A Mad Tea (D) PartyPosted on December 18, 2011 | posted by:
“Have you any idea why a raven is like a writing desk?”
I bet you don’t. The Mad Hatter poses this illustrious riddle in the chapter ‘A Mad Tea Party’ in Lewis Carroll’s Alice in Wonderland. The riddle is not meant to have an answer at all: As delightful as it is confusing, it is merely one of the book’s many mysteries that bewilder Alice, and through her, the reader as well.
Every single one of my fellow students would agree that the TransD process is a lot like being Alice stumbling through Wonderland. Right can be wrong, wrong might be right and every question raises further questions rather than answers. To understand and master this process, we have to start with finding out how deep the rabbit hole really is. So let’s dive in.
The TD process must be to an outsider what the Mad Tea Party was to Alice: Commotion, interruption and disorder and a potpourri of disciplines and nationalities running around, asking questions without getting any answers, changing direction and in the middle of this pandemonium a reverberate “CHANGE PLACES!” and everything starts all over. A Transdisciplinary Designer might therefore be perceived to be as ‘mad as a hatter’. This phrase dates back to a time when mercury was used in the process of curing felt for hats. Inhaling the mercury fumes caused severe poisoning, often resulting in neurological damage.
But unlike the Mad Hatter’s party, the TD program is made up of intelligent and rational people. The chaos in our tea party stems from the fact that we do not yet have the ultimate universal answer to what the TD process is. This makes sense, as we are still in the process of creating, shaping and exploring it.
Let’s go back to the tea party scene: Alice sits at a table with the March Hare, the Mad Hatter, and the Dormouse, when the Hatter asks her about his riddle:
“Have you guessed the riddle yet?” the Hatter said, turning to Alice again.
“No, I give it up,” Alice replied. “What’s the answer?”
“I haven’t the slightest idea,” said the Hatter.
“Nor I,” said the March Hare.
Alice sighed wearily. “I think you might do something better with the time,” she said, “than wasting it in asking riddles that have no answers.”
And there it is. A riddle with no answer, the mere concept of which frustrated and confused Alice. Frustration and confusion are familiar emotions to us TD-ers indeed. In fact, much like Alice, we are struggling to find an answer to a similar riddle of our own: What is Transdisciplinary Design? This seemingly unsolvable question is asked all the time: by us, by our professional partners, by teachers and friends… We are faced with a constant demand, internal and external, for a solution to our answerless riddle. Lewis Carroll had to deal with a similar conundrum regarding the riddle of the Mad Hatter. He wrote in the preface to the 1896 edition of his book:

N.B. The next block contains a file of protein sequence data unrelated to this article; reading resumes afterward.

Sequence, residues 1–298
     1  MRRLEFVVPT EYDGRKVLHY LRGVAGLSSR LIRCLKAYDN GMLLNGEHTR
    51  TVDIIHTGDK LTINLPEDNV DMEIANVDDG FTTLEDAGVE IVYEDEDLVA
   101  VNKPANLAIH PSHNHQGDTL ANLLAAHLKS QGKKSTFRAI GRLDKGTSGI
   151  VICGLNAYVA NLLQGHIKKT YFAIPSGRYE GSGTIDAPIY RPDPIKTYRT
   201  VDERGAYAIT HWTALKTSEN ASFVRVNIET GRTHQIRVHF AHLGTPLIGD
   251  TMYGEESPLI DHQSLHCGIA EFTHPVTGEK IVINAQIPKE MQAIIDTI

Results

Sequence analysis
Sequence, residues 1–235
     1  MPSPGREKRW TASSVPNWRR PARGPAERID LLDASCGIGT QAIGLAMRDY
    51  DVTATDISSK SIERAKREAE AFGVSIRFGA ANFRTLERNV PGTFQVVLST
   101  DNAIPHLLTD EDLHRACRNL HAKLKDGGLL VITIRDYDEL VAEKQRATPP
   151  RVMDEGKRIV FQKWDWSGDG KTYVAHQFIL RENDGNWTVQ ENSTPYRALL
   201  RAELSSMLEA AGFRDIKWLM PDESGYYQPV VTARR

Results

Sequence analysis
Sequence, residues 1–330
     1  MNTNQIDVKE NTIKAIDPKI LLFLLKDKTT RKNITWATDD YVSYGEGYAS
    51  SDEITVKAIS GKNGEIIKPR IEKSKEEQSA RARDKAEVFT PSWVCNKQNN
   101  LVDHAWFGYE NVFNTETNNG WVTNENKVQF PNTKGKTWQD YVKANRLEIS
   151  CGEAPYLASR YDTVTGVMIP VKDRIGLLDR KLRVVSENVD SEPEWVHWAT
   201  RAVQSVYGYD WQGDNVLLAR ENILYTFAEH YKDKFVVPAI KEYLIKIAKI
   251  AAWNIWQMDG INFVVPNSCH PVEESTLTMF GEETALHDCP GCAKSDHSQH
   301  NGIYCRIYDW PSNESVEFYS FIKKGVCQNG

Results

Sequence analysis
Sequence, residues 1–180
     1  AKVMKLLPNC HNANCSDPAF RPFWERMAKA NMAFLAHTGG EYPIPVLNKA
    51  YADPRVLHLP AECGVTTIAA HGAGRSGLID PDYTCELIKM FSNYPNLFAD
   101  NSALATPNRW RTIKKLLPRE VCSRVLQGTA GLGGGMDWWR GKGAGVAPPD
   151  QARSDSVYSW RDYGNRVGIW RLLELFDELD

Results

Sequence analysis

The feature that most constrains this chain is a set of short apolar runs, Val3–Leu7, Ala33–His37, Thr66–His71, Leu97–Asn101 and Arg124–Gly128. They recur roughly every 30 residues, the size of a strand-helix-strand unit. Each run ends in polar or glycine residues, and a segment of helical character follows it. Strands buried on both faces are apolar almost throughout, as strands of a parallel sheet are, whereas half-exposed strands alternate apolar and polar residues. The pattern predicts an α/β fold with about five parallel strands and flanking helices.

„Enquiries have been so often addressed to me, as to whether any answer to the Hatter’s Riddle can be imagined, that I may as well put on record here what seems to me to be a fairly appropriate answer, viz: ‘Because it can produce a few notes, though they are very flat; and it is never put with the wrong end in front!’ This, however, is merely an afterthought; the Riddle, as originally invented, had no answer at all.“
(Notable here is, that Mr Carroll originally wrote: “… it is NEVAR put with the wrong end in front!”. Got it? However, an ambitious 1896 proofreader changed it, assuming it was just misspelled. What a loss, and again an issue of communication.)
If we can not provide any answers, how can we convince stakeholders to trust us, feel comfortable with and invest in a process of uncertainty, which on its own is hard enough? And in finding an answer (and I say an answer rather the answer, since I believe several answers are possible), what should we define first: the TD process or the way to communicate it? The answer of course is: “Both at the same time“.
Here are several answers that were created for the raven riddle:
Because the notes for which they are noted are not noted for being musical notes. (Sam Loyd)
Because Poe wrote on both. (also Sam Loyd)
Because there is a B in both and an N in neither. (Aldous Huxley)
Though these responses are not perfect, they are inventive and cover part of the wide scope of potential answers the riddle created. As George E. P. Box says: “Essentially, all models are wrong, but some are useful.“
Maybe we are lost because we are trying to find one right answer to our riddle. Perhaps our riddle can only be solved through a combination of valid and useful answers and TD models, each appropriate for a specific audience. This will allow us to flexibly describe the fluctuating process of Transdisciplinary Design without constraining it to a fixed definition.
Finally, I’ll give it a go with the raven riddle myself:
Why is a raven like a writing desk?
– Because my spoon is too big!